Chris Edmonds
December 1, 2007
Gibbs and childhood friend Judd Lundt, Port Aransas, Spring 1960
Gibbs Milliken and I were childhood best friends from the time we were about 6 years old until his family relocated from Houston to Kerrville in the late 40’s. We lived about a block from each other and got together just about every day. Gibbs was in a private school so we only had the afternoons, during the week.

One our favorite activities was to get caught up in the latest radio episodes of Terry and the Pirates, Captain Midnight, Jack Armstrong, and a host of other programs that pushed Wheaties, Ovaltine, and numerous other products mothers were urged by their children to purchase.

Every afternoon, following the soaps, we would perch on child-sized chairs facing each other on opposite sides of the Milliken’s old wooden console and through the magic of radio, experience the perilous adventures of our heroes. It was pure fantasy but a reality to us.

Saturdays it was the “Fun Club” at the Almeda Theater where for 9 cents admission one could enjoy a western with a scores of other screaming kids and see the latest installment of a serial that left the hero in an impossibly perilous position which begged return the following weekend to witness his clever escape.

Other times we would play “boy” games like cowboys and Indians and cops and robbers. We also spent countless hours exploring the dimly lit attic, crammed with wonderful old junk and treasures that included a real human skull and a silk top hat that played prominently in our annual Halloween preparations. One rainy weekend as we nosed through his dad’s medical books were astonished to discover that babies were not brought by storks. Those wonderful times would be the envy of any kid growing up, even today and will forever occupy a very special spot in my mind.

That all came to an end with the move to Kerrville. We did try to keep in touch through a few letters and even a visit to their Jack Drive home a few years later. But as we grew through adolescence, our attitudes changed, new friends entered our lives and the past was set aside. But the relationship, though sporadic, endured.

Over the ensuing years our paths crossed on several occasions: at Schreiner in Kerrville, the University of Colorado, and in San Antonio while I was completing USAF Officer training in 1960. Then came a long period of career and family building when we lost touch. But about ten years ago we managed to reconnect during a business trip I made to Austin. My oldest daughter and grandson, whose family were living there at the time joined me, Gibbs and his wife, Marie, for coffee. As expected, we traded experiences and personal anecdotes from our more recent past but sadly it became clear that we were now strangers living in different worlds. You can’t just pick up where you left off after all that time. It’s a harsh thought but you really can’t go home again. That was the last communication we had.

A few days ago a spontaneous impulse sent me to the internet seeking any news of Gibbs. That was the first such time since our Austin get- together. It was with great sorrow that I learned of his passing. Although we had gone our separate ways I still thought of him as a friend and always will and treasure the moments we enjoyed together. My heartfelt sympathy goes out to his family and other friends he left behind.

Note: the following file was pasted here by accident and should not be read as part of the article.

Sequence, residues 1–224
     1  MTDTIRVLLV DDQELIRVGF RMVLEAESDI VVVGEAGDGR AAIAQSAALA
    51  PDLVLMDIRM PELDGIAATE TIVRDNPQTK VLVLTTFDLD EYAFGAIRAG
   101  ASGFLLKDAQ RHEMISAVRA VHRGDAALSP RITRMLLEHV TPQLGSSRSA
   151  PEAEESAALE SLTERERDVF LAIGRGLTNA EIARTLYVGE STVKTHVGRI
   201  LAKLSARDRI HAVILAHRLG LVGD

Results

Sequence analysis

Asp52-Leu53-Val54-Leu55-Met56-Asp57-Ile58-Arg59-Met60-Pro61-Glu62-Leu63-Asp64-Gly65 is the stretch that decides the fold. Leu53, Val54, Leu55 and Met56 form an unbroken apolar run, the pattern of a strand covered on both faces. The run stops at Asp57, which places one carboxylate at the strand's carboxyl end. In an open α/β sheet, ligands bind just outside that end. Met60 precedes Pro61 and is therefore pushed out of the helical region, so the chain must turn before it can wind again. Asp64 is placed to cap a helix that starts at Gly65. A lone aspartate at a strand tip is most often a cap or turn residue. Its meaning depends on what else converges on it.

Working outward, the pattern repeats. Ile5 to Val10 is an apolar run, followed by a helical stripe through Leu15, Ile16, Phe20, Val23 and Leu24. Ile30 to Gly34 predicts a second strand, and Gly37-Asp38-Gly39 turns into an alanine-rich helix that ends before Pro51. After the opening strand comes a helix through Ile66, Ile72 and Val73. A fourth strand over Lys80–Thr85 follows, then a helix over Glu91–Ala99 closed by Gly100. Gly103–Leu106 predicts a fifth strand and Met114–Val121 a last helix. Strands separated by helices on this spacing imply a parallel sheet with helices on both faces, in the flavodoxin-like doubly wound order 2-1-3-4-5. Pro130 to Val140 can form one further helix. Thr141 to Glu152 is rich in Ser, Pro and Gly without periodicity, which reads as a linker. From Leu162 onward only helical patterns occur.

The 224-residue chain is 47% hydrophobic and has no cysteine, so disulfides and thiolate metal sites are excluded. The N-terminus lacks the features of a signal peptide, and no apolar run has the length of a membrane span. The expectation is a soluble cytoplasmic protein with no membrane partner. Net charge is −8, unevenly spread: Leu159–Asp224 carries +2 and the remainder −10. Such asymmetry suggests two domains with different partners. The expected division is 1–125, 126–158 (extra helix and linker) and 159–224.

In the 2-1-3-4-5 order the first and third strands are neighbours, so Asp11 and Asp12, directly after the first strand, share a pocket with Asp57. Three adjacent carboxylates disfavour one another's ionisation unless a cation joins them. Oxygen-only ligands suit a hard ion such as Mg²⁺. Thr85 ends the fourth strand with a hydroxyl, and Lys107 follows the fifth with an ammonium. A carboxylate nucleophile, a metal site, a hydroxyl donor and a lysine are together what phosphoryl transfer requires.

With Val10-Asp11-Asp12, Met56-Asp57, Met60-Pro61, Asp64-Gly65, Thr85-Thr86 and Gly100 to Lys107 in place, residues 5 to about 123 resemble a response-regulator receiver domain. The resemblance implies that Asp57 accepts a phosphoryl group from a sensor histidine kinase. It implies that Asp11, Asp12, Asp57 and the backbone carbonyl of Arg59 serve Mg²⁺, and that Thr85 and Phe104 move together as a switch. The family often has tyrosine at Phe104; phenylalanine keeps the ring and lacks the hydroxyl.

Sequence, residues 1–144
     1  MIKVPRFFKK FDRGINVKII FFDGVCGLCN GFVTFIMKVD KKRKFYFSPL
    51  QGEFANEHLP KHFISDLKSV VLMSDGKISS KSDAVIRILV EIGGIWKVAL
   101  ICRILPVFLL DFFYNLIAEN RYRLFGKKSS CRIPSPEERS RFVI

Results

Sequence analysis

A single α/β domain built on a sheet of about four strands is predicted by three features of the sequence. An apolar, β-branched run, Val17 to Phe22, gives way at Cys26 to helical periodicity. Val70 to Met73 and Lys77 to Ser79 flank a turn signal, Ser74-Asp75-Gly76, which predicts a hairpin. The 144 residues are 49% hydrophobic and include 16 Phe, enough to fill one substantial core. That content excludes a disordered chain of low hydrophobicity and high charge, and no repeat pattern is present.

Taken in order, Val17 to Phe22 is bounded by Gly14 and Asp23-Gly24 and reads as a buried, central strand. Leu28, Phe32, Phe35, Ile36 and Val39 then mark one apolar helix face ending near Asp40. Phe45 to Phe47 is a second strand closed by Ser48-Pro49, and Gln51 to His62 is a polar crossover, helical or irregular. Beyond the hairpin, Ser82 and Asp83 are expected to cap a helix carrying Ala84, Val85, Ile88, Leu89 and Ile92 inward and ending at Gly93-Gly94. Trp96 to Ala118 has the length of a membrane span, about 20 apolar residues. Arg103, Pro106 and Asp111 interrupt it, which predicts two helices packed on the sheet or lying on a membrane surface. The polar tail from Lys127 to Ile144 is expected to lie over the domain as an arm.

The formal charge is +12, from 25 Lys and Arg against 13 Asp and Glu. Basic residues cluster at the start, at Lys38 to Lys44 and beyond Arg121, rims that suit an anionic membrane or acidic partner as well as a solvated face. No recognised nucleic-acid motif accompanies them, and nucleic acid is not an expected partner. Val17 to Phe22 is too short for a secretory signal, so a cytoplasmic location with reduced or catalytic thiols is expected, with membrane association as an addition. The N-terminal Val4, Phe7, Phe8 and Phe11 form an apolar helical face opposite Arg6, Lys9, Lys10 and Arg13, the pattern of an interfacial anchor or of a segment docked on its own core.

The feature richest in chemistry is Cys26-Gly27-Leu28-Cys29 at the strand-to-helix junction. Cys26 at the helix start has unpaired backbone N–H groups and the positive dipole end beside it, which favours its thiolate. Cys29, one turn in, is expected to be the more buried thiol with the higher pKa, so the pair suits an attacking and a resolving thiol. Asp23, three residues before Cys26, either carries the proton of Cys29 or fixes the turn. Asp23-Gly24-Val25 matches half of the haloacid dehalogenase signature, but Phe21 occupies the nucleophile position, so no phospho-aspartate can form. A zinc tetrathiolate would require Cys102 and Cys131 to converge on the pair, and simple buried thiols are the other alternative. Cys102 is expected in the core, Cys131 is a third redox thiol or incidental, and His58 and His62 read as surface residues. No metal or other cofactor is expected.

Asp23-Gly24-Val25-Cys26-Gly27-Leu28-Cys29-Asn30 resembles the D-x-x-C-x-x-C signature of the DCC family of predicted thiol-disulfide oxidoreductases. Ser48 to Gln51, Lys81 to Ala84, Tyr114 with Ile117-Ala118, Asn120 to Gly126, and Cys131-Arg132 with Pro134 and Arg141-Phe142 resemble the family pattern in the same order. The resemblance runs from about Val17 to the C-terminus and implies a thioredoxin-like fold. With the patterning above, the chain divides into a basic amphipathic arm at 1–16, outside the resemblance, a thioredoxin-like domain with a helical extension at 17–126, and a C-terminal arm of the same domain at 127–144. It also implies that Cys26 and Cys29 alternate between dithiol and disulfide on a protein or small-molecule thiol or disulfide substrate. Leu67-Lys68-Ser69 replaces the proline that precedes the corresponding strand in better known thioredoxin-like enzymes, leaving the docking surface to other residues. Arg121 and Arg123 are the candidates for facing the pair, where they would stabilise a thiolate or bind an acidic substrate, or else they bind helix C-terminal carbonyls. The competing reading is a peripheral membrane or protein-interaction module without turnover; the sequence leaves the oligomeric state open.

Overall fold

judd lundt
November 30, 2007
Gibbs was the father of one of my best friends, Adana. I don't know how many times we would spend the night at the Milliken's house and sneak around Gibbs' studio among the beads, masks, blowguns, butterflies, shells, canvases, and more. It was an exciting place full of treasures and stories, all of which Gibbs was more than happy to spend hours regaling us with (and perhaps embellishing a bit, too). He was there when I caught a 24" redfish in Port Aransas on the jetty, he brought a shaman to a party at the house Adana and I shared in college, he played darts with us, he was a fascinating man, and he will be sorely missedby everyone who knew him.
Paula Simchak
November 28, 2007
First met Gibbs on an expedition to Venezuela with my dad in 1993. It is still one of the most interesting trips we've had together. Later I knew Gibbs as a friend and customer at the local sporting goods store I worked for. Gibbs was one of a kind, the Amazon wont be the same without him.
Karl Adcock
November 28, 2007
Gibbs was very influential to Karen and myself. Over two decades ago he planted the seeds that eventually became our wilderness project Proyecto de Buceo Espeleologico Mexico y America Central. His gift to us gave us the world. He was often discussed around the campfire and when we had our little jungle home in Belize we realized that we had been there before with Gibbs and his stories.
Through his stories he allowed us see the natural world in its detail, much as his art did. He had simply painted a picture in words and art that made us want to "be there". He elegantly pointed us south to Mexico and then on to the jungles and the mountains of Central America. The wilderness completed the seduction. Our life of adventure and love of the peoples of Latin America was the result of just listening to his contagious excitement and child like enthusiasm for places rare and beautiful. The jungles, rivers and mountains of this big Blue Marble of ours will miss you Gibbs. So will we.

Jim Bowden and Karen Hohle – Bertram, Texas
Jim and Karen Bowden and Hohle
November 27, 2007